[llvm-dev] [RFC] High-Level Code-Review Documentation Update

Finkel, Hal J. via llvm-dev llvm-dev at lists.llvm.org
Tue Dec 3 08:26:33 PST 2019

On 12/3/19 9:45 AM, David Blaikie via llvm-dev wrote:

On Mon, Dec 2, 2019 at 8:23 PM Philip Reames <listmail at philipreames.com<mailto:listmail at philipreames.com>> wrote:

On 12/2/19 10:05 AM, David Blaikie wrote:

On Mon, Dec 2, 2019 at 12:52 PM Philip Reames <listmail at philipreames.com<mailto:listmail at philipreames.com>> wrote:

Mehdi, David,

I think you're both pointing out exceptions rather than the general rule.  I tried to indicate their might be reasonable exceptions (see the second sentence past Mehdi's quote), but in general, particularly for new contributors, I think it is important we indicate something to this effect.  I've seen multiple new groups have issues around this.  In some cases, patches were reverted in post review.  In others, a bunch of time was sunk in a direction which turned turned out not to have wide agreement.  Cautioning folks to avoid that is important.

Do you have any suggestions on wording which keep the broad message, but make it more clear that it isn't a hard and fast rule?

My take on it is that even the broad message isn't how I think of LLVM code review practices - if the code owner/domain expert is at your company, so be it. If not, that's fine too - I see lots of reviews by people at the same company that generally look pretty good & I don't think their the exception. I'd personally leave this part out - maybe some caveat about not doing internal review & then summarily approving externally? But that I think is more the exception than the rule & perhaps not worth including in the general practices document. But if you've seen several instances of this sort of issue that seem worth addressing through this mechanism - yeah, I'd be OK with an encouragement to avoid insular project areas where possible (especially where there's strong overlap) - seek external/long-term contributor input especially on design documents and early/foundational patches, and in general err on the side of seeking more input from code owners than not. If you ask too often for trivial things, that's fine - they should hopefully get to the point where they encourage you to contribute directly/stop asking for their review/approval. But especially when asking code owners/frequent reviewers/contributors for review, be extra sure to make the patches small and clear, to have design discussion ahead of time to avoid designing in a large unwieldy code review, etc.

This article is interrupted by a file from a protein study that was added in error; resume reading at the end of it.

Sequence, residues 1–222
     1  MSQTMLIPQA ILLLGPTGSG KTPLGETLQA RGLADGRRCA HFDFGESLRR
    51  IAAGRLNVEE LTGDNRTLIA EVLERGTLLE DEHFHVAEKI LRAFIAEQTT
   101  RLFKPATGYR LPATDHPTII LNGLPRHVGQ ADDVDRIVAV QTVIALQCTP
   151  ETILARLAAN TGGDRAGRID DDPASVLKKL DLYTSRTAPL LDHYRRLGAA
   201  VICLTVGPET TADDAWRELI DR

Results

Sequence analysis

Hm, I see your point, but I'm not 100% in agreement.  I'm trying to find the hair to split, but I'm struggling to find the right one.  Let's drop this for the moment from the initial patch, and I'll try to a rework on the wording in a separate review.  I don't want to risk further derailing the overall effort right now.

Fair - certainly up for chatting about it further to try to come to some common understanding/phrasing/etc.

I feel like the underlying point is that we want to ensure community consensus around design decisions, and one responsibility of a reviewer, when providing an overall approval for a patch, is to be reasonable sure that such consensus exists. Maybe that means making sure that people from multiple organizations likely to care about a particular issue have had a chance to review, and/or have been specifically pinged, and maybe not. One way of thinking about it may be that if you're not familiar enough with the community to know, then you shouldn't be providing final approval to commit.

My preference is to start with some high-level guideline at this level, and then we can develop more-specific guidelines as needed. I don't really want to develop specific organization-based rules, unless we really need to, in part because the decomposition of legal entities is often arbitrary in this context.


- Dave


On 12/2/19 7:55 AM, David Blaikie wrote:
Yeah, +1 that people from the same organization are sometimes the only ones working on a certain feature/area. (certainly I'd expect some discussion about the feature in general to be discussed outside that group if it's in any way contentious - but some stuff's clear enough (I think I implemented debug_types years ago, likely with only Eric's approval, both of us being at Google (probably many DWARF features were added/done this way, to be honest - maybe some could've done witha  bit of broader discussion, but I don't think either of us were "rubber stamping" the other's work (if anything I'm harder on my "friends" to be honest... :/ )))

On Wed, Nov 27, 2019 at 10:27 PM Mehdi AMINI via llvm-dev <llvm-dev at lists.llvm.org<mailto:llvm-dev at lists.llvm.org>> wrote:

On Sat, Nov 16, 2019 at 5:56 PM Mehdi AMINI <joker.eph at gmail.com<mailto:joker.eph at gmail.com>> wrote:
+1 in general, and Philip has good suggestions as well!


On Sat, Nov 16, 2019 at 8:37 AM Philip Reames via llvm-dev <llvm-dev at lists.llvm.org<mailto:llvm-dev at lists.llvm.org>> wrote:
+ 1 in general, a couple of suggestions

On 11/14/19 7:46 PM, Finkel, Hal J. via llvm-dev wrote:
> Hi, everyone,
> I've been fielding an increasing number of questions about how our
> code-review process in LLVM works from people who are new to our
> community, and it's been pointed out to me that our documentation on
> code reviews is both out of date and not as helpful as it could be to
> new developers.
>    http://llvm.org/docs/DeveloperPolicy.html#code-reviews
> I would like to compose a patch to update this, but before I do that, I
> want to highlight some of my thoughts to get feedback. My intent is to
> capture our community best practices in writing so that people new to
> our community understand our processes and expectations. Here are some
> things that I would like to capture:
>   1. You do not need to be an expert in some area of the compiler to